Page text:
Lenny Henry on Three Little Birds: "It’s not my magnum opus, it’s theirs"
"Our forefathers came here and walked the streets when it was really cold... So I think it's a testament to those people."
Lenny Henry has written the brand new ITV drama Three Little Birds, which tells the story of three women who travel from Jamaica to England in the late 1950s, in search of a new life.
The series is based in part on stories Henry's mother and aunt told him of their own experiences, and so is deeply personal, which the comedian and actor talked about at a Q&A for the show, attended by RadioTimes.com and other press.
When it was put to Henry that this feels like his "magnum opus", he said: "It's been the most extraordinary thing talking and creating and working on this project.
"There's a lot of me in it, there's a lot of research gone into it, there's a lot of my family gone into it. [Executive producer] Angela Ferreira gave us her parents for very long periods of time.
"We talked to lots of people about this story, and it turns out that there are many people with similar experiences, and we tried to put everybody's experience into this, read through a lot of research.
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"I wanted it to be something that could resonate not just with us, but with everybody."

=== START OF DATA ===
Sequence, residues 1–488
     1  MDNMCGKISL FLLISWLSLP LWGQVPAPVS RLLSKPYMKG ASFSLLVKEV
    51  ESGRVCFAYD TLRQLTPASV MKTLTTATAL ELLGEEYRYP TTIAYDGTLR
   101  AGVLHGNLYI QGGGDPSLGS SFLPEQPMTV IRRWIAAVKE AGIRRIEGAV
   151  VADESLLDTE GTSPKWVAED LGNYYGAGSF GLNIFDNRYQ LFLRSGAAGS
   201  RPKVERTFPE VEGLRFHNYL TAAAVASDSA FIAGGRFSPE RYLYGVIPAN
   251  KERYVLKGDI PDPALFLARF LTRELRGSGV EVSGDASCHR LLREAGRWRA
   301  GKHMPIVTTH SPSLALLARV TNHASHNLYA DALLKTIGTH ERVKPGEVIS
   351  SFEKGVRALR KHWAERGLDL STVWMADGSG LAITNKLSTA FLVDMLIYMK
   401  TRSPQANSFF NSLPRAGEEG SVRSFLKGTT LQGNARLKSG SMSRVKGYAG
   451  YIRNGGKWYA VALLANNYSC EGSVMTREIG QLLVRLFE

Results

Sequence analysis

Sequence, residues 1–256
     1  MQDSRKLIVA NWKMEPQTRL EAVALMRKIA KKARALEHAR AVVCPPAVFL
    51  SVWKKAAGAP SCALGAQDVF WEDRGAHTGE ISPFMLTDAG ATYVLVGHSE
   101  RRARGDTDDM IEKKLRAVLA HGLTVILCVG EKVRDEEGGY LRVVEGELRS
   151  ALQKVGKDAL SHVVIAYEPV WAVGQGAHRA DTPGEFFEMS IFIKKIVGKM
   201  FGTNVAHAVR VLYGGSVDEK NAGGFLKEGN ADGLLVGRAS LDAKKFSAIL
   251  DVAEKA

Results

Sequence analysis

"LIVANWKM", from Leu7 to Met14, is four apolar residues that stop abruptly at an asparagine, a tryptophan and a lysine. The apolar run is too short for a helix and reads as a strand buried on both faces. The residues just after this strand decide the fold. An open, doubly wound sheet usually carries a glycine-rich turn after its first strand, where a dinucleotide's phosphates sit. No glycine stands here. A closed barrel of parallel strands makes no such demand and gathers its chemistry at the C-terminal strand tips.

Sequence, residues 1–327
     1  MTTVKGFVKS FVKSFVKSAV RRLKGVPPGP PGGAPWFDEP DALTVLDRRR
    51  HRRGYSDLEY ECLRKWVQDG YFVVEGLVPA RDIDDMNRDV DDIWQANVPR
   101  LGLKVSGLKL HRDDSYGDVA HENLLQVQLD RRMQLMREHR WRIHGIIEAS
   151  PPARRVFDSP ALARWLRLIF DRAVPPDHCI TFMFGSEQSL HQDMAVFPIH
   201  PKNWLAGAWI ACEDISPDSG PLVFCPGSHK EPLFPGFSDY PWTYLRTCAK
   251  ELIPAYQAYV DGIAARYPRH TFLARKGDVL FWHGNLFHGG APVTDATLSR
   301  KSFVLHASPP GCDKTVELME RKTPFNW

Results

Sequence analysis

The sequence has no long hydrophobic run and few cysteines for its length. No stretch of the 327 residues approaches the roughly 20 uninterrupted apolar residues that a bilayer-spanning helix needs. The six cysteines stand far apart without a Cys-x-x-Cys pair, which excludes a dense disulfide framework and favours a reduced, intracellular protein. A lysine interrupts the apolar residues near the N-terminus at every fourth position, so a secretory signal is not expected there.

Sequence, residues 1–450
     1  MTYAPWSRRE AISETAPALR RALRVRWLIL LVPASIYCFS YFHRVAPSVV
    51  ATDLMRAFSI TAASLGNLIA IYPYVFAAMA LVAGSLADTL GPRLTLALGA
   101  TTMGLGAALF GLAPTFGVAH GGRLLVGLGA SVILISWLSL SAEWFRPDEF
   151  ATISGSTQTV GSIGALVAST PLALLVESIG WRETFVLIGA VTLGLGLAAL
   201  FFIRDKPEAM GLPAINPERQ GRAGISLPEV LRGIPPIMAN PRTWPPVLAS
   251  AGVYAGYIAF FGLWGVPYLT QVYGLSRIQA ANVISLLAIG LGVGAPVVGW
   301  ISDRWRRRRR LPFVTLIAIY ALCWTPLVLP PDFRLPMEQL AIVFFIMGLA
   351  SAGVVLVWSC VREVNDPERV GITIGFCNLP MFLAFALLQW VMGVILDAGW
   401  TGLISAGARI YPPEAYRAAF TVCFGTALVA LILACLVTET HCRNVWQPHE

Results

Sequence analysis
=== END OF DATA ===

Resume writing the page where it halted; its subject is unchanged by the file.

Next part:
He continued: "When David Olusoga talks about our history - the sense that these stories are ours, and we should share them and rejoice in them, actually.
"This idea of this multicultural life that we have in this country, this is stuff that belongs to us. This is history that belongs to us, and we should claim it year round, not just one month a year. So that's what this is about.
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"And I love that [directors] Charles [McDougall] and Yero [Timi-Biu] and Darcia [Martin] have done such a beautiful job of bringing it to the screen. I love that we had a diverse and inclusive cast and crew.
"And I love that it gives people feelings. If something like this gives you a feeling? Good. If it makes you smile? Good. If it makes you laugh? Good. If it makes you cry? Good.
"Our forefathers came here and walked the streets when it was really cold. My dad wore his pyjamas under his suit for years, he never took them off. So I think it's a testament to those people. So it's not my magnum opus, it's theirs."
The series stars Rochelle Neil, Saffron Coomber and Yazmin Belo as the three central characters, Leah, Chantrelle and Hosanna, while Javone Prince plays Leah and Chantrelle's brother, Aston.
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